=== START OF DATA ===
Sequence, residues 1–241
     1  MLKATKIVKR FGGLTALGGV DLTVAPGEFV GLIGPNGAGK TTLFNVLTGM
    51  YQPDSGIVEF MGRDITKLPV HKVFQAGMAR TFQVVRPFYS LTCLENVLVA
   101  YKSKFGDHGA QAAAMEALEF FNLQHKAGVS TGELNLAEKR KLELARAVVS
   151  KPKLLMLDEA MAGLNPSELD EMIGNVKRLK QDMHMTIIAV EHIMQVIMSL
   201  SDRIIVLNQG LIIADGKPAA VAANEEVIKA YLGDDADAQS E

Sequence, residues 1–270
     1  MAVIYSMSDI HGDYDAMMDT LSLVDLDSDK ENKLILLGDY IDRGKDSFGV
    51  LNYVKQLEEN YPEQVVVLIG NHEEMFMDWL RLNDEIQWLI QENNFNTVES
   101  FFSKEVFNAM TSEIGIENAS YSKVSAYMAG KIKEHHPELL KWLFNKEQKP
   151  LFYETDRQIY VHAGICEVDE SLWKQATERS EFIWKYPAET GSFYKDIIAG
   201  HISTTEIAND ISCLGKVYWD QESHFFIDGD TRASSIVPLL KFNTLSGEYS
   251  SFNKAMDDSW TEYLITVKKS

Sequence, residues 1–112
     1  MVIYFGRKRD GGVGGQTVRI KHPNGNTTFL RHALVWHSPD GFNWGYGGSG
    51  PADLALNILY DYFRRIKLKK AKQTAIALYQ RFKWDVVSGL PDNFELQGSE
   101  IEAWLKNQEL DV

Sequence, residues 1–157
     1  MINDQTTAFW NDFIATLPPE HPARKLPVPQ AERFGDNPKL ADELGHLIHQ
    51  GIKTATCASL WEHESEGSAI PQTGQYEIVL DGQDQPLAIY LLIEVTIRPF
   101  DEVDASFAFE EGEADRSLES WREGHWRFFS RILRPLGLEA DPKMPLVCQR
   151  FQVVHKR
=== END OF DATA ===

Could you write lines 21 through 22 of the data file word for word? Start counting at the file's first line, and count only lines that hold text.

   101  DEVDASFAFE EGEADRSLES WREGHWRFFS RILRPLGLEA DPKMPLVCQR
   151  FQVVHKR